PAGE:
Mental Health and the LGBTQ+ Community Talk
Dr. Alex Dryden and ODU’s Safe Space organization hosted a lecture on the mental health issues facing the LGBTQ+ community on Oct. 25 in the River Rooms of the Webb Center.
Dr. Dryden is a psychologist in the ODU counseling services department and a member of the LGBTQ+ community.
“As a marginalized population, we face different levels and types of discrimination,” Dryden said.
The lecture identified these different types of discrimination and the ways they affect the mental and physical health of those who identify as LGBTQ+. Dryden discussed how the LGBTQ+ community is three times more likely to face discrimination than the general population. This can lead to depression, anxiety, post-traumatic stress disorder (PTSD), suicidal ideation, substance abuse and self-medication. Stemming from fears of facing ostracization, prejudice and harassment, these diseases can be detrimental to the lives of those who identify as LGBTQ+.
LGBTQ+ discrimination can come from peers, strangers, medical professionals, employers or even other LGBTQ+ community members.
“I didn’t want to tell my health professional I was gay because I didn’t want him to give me and HIV test,” Dryden said, reflecting upon the time during the 80’s and 90’s when HIV and AIDS were heavily associated with being gay.
Although times have changed, discrimination from medical professionals is still faced for some such as Dryden’s partner whose doctor stopped their appointment to pray upon finding out his sexual orientation.
Dryden identified that coming out versus concealing their identity is a dilemma for many who are LGBTQ+. Youth LGBTQ+ are five times for likely to experience bullying for being open about their sexuality. 30 percent of teen suicides are related to sexual identity crisis and fear of hatred or prejudice due to LGBTQ+ identification. Suicide is also the leading cause of death for the LGBTQ+ community, ages 10 to 24.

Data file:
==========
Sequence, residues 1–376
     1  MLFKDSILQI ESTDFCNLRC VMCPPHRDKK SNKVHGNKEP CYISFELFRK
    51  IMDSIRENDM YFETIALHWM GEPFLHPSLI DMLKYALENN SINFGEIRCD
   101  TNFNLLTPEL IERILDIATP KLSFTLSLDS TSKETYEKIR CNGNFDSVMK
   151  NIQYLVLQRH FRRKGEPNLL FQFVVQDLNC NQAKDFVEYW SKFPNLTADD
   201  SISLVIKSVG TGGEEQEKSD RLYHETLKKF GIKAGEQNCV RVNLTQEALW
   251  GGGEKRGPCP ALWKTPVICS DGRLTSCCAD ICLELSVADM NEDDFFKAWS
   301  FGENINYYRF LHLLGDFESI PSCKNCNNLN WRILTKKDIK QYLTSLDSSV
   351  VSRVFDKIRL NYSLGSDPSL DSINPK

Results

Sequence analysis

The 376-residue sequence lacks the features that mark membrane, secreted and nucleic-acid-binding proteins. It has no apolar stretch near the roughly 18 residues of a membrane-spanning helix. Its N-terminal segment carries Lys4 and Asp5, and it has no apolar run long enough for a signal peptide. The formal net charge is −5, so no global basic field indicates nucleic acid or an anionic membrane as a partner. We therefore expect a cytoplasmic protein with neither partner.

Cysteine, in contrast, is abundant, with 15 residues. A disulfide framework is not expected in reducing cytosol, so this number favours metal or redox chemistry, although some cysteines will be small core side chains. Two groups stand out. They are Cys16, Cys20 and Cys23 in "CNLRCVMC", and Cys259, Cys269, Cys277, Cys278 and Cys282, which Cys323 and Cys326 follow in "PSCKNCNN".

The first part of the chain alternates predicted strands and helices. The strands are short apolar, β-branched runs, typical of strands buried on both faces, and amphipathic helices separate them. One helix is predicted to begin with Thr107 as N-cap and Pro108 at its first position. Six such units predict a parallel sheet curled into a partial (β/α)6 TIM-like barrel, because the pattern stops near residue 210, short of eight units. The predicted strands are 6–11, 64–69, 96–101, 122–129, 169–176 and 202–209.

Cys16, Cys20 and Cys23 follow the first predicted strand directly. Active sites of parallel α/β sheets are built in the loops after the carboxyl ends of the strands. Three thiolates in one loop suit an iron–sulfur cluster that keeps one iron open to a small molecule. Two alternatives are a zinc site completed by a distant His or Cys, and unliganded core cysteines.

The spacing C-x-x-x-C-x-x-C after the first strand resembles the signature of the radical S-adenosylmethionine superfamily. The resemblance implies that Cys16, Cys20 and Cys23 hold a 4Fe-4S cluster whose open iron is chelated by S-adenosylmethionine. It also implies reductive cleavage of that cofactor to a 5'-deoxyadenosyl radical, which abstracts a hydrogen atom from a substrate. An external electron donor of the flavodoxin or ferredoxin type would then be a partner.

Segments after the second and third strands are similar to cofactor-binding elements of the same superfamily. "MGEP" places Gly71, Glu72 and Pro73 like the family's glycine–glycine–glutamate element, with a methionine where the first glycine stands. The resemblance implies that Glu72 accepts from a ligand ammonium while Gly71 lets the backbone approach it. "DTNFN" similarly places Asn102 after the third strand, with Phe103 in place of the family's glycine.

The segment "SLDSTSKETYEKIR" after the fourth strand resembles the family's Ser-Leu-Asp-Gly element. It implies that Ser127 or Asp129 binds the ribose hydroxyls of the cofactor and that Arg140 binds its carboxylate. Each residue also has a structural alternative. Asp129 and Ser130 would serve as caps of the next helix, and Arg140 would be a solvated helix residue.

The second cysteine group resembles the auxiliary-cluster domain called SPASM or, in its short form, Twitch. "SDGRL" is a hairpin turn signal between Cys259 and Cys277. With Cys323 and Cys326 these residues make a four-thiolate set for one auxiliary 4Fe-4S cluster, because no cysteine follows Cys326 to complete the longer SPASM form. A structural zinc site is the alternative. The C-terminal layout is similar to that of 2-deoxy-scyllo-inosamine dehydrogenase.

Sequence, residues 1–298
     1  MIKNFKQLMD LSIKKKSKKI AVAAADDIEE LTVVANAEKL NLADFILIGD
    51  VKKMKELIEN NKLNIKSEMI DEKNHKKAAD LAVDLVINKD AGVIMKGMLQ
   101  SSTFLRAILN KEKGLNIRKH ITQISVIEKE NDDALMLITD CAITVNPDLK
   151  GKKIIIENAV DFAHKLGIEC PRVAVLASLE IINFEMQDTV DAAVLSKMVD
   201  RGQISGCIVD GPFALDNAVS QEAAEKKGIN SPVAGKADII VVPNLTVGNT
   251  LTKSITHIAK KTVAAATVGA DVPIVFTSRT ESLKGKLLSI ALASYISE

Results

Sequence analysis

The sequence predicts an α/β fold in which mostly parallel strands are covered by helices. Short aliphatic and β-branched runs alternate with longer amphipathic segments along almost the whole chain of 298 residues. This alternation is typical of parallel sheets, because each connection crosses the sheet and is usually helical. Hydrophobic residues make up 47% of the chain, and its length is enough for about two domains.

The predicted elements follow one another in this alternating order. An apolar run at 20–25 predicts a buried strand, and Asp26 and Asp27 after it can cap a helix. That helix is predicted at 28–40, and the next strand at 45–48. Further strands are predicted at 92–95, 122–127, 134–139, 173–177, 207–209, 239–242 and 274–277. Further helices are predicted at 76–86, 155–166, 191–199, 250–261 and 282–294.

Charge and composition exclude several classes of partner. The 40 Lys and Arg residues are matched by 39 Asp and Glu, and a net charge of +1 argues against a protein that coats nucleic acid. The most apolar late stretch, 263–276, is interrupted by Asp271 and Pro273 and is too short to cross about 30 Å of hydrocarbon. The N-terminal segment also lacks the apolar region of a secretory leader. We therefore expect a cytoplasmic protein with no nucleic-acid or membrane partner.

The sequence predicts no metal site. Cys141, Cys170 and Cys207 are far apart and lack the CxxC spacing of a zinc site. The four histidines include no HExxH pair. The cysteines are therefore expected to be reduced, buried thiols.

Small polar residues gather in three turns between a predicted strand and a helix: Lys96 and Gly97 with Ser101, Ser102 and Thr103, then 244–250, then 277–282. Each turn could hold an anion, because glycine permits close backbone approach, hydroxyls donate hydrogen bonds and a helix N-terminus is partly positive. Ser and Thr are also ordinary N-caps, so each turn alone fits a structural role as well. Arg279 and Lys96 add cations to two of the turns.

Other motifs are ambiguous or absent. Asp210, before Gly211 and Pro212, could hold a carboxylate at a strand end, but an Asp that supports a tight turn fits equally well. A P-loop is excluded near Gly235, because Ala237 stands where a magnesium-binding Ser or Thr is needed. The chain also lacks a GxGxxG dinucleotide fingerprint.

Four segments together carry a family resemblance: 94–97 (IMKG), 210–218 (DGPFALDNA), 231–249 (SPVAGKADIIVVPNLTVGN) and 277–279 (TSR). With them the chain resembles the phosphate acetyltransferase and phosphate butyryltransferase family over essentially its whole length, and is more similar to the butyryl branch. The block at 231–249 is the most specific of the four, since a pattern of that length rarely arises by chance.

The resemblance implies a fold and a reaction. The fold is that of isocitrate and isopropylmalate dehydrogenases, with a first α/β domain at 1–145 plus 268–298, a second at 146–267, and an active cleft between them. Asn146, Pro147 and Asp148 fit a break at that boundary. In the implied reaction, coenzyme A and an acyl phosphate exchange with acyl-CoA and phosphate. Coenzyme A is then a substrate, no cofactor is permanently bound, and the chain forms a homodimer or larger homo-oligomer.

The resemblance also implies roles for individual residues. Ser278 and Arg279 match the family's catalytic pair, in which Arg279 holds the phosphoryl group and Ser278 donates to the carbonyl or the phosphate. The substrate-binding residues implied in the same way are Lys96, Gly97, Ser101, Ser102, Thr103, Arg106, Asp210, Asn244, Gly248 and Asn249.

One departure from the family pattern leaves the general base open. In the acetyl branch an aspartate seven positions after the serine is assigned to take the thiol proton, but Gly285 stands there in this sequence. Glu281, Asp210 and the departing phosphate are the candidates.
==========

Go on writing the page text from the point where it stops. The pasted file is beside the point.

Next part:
Another problem Dryden identified is the major substance abuse problems that LGBTQ+ community members face. 20-30 percent of these members abuse substances and 25 percent abuse alcohol. These numbers are shocking compared to the 5-10 percent of the general population that suffers from substance abuse.
“Many people tell me it’s easier to just get high because they don’t have to think about the problems they’re facing,” Dryden said, “but I tell them these problems have to go somewhere. They can’t just be ignored.”
Dryden also pointed out that it is essential to respect and support all members of the LGBTQ+ community whether or not there is personal involvement. Many bisexual and transgender individuals are not taken seriously and face discrimination for ‘not knowing what they want’.
“You’re damaging that person [who identifies as transgender] by not choosing to respect their gender identity” Dryden said.
The final topic discussed was domestic violence within the LGBTQ+ culture. 3.6 percent of lesbians and 3.1 percent of gay males report relationship violence. However the legal definition of domestic violence mainly excludes LGBTQ+ relationships.
With the lack of support and representation the LGBTQ+ community faces the main message that Dryden wants to get across is that people do not have to go through things alone.
“Don’t feel like you have to do everything on your own. Counseling services are here 24/7.”